Future use of Hierarchies

(Amy Silcock) #1

Following from the Discuss post of Agreeing best practice – using Hierarchies

The IATI tech team propose that hierarchies do not need to exist within the IATI standard. Their removal will not restrict the flexibility of organisations to show internal decisions about funds nor will it affect timeliness, structure or granularity of published data. This is based on the assumption that the changes outlined in the Agreeing best practice – using Hierarchies post are taken forward. Implementation of this would need to happen at the next integer upgrade as the changes are not backwards compatible.

Here is our reasoning:

  • Only the attribute @hierarchies will be removed. All other reporting best practices will remain.

  • Activities previously reported in a hierarchical model can still be reported in the same structure. The structure will be detailed through use of the <related-activity> element, which allows organisations to specify ‘Child’ and ‘Parent’ relations within their reported activities.

  • The hierarchies attribute does not add any additional information needed for data quality analysis or data use. This is true for the IATI Dashboard, d-Portal and likely all other data use platforms.

  • Therefore @hierarchies is a superfluous attribute which only adds complexity, and often confusion, to the IATI standard.

Current number of organisations using multiple hierarchies

When I was looking into this a few months ago there were 46 organisations using the @hierarchy attribute (this number will now have grown significantly). The majority of these organisations only use levels 1 and 2, with one organisation correctly using three levels of hierarchy. Removing the @hierarchy attribute will not remove the relationships between the published activities but will enable data users to better navigate the data as they will not be misled by incorrect @hierarchy labeling.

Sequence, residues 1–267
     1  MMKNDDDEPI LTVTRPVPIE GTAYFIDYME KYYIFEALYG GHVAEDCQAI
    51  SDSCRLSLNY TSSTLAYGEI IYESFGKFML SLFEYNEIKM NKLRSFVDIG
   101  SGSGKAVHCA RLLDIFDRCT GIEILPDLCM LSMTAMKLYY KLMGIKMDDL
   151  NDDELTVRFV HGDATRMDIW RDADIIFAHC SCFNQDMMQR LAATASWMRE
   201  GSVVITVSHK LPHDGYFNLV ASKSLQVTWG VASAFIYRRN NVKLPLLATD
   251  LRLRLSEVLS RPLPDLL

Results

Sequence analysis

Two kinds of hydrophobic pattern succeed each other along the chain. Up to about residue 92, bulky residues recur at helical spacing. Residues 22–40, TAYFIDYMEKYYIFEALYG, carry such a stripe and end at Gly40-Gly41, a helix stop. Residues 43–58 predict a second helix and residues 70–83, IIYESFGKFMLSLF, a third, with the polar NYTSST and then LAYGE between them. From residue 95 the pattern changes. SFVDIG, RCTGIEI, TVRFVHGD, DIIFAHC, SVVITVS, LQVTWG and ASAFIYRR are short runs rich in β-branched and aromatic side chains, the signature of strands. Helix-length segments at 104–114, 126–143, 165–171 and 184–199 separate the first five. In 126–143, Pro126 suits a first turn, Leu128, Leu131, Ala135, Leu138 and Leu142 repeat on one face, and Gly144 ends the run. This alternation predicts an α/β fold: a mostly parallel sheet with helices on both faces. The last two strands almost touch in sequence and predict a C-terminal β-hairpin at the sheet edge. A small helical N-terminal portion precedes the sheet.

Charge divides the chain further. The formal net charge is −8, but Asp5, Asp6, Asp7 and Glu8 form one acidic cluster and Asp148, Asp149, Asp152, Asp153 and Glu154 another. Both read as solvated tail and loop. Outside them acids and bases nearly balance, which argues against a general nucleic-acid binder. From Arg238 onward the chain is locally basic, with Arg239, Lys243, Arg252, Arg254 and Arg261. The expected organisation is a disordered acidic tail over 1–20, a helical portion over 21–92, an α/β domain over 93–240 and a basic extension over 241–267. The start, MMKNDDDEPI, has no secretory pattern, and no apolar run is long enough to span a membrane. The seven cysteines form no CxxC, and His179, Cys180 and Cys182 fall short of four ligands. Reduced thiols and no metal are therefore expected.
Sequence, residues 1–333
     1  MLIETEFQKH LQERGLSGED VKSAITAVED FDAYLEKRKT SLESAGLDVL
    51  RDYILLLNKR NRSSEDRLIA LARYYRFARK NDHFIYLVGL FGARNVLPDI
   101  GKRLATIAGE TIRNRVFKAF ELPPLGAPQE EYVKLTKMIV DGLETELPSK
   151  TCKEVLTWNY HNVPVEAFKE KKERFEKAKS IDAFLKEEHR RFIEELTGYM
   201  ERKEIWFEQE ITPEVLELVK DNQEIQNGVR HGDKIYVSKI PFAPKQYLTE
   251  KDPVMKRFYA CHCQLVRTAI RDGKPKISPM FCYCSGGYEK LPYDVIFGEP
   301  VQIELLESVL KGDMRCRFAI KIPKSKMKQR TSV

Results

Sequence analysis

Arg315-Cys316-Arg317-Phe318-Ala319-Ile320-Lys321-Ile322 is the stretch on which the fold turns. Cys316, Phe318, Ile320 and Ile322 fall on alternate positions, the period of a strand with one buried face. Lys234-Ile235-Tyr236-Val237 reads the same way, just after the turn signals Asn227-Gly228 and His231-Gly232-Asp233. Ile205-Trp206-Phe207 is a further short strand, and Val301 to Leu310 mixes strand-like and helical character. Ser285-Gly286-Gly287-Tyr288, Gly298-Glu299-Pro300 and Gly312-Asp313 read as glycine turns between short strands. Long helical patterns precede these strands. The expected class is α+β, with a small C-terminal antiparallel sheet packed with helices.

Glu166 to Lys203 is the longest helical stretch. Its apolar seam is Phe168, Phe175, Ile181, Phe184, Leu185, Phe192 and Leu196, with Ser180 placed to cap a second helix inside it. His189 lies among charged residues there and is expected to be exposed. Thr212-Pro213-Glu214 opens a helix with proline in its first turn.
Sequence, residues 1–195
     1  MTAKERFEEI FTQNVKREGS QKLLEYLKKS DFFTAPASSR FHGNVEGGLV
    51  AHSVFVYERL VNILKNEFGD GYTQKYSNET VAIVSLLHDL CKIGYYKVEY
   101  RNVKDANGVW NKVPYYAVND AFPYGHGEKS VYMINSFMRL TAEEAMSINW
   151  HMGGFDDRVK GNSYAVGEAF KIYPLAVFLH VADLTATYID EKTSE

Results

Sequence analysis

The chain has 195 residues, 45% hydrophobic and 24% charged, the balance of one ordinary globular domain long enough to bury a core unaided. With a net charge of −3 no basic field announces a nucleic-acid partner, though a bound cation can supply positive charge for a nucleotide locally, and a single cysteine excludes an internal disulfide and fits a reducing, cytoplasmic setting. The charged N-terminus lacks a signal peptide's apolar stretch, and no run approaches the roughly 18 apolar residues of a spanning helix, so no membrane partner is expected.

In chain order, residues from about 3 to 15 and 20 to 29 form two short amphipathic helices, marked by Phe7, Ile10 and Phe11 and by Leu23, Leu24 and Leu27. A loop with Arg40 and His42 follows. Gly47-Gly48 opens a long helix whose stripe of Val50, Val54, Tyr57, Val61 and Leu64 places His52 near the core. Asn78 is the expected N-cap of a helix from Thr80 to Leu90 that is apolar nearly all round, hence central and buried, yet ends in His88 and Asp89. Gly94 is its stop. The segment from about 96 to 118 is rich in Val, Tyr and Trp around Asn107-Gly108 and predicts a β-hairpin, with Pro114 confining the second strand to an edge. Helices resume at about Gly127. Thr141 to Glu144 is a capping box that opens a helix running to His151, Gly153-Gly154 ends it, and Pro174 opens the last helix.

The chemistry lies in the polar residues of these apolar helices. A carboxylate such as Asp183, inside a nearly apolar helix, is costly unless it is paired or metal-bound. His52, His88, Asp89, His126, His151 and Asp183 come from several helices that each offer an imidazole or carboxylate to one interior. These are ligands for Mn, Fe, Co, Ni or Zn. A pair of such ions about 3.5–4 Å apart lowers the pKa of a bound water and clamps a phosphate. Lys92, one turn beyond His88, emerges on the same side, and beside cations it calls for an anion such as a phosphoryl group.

Level 2: 44

Level 3: 1 (4)

Level 4: (1)

Level 5: (1)

(Numbers in brackets show the number of organisations only publishing at that hierarchical level or not publishing sequentially to that level)

Please do let us know what you think by responding to this post.

TAG session on reviewing the need for a next minor or major IATI standard upgrade
(John Adams) #2

Thanks Amy

I’m not convinced that this is a good idea if we are trying to describe complex aid interventions, but will respond more fully next week.

Also if we don’t hold finances at a particular hierarchy level, would that be possible?


(John Adams) #3

Or is there something missing in your second bullet point - are you proposing replacing the @hierarchy attribute with the use of the related-activity element?

(Amy Silcock) #4

Thanks @JohnAdams the <related-activity> now appears. Looking forward to your responses next week and starting a discussion on this.

(Andy Lulham) #5

Unless I’m mistaken, you’re proposing the removal of the @hierarchy attribute here. You’re not talking about removing hierarchies in general. Is that correct?

If so, I’d suggest removing or rewording the first sentence:

…because it might cause confusion / derail the discussion.

(Andy Lulham) #6

According to the dashboard, 79 publishers use multiple @hierarchy values. But as we know, the @hierarchy attribute is in many cases used incorrectly. If we instead look at related-activity, 199 publishers have at least one parent/child relation in their data.

Looking at how this is used in the wild, these parent/child relations very often span multiple publishers. Here are some random examples (these are some of the longest, each involving four activities):

You can also see in these examples that reciprocal parent/child relationships often aren’t declared. That is, while B might declare that A is its parent, that doesn’t necessarily mean A will declare that B is its child.

So it looks like in the absence of clear guidance, and without feedback loops to correct publishers’ data, publishers have been left to figure out their own rules.

The cool thing about the @hierarchy attribute is it provides a checksum, which can be used to spot errors. So IATI (or a third party) could use it to check related activity data and raise the issue with publishers.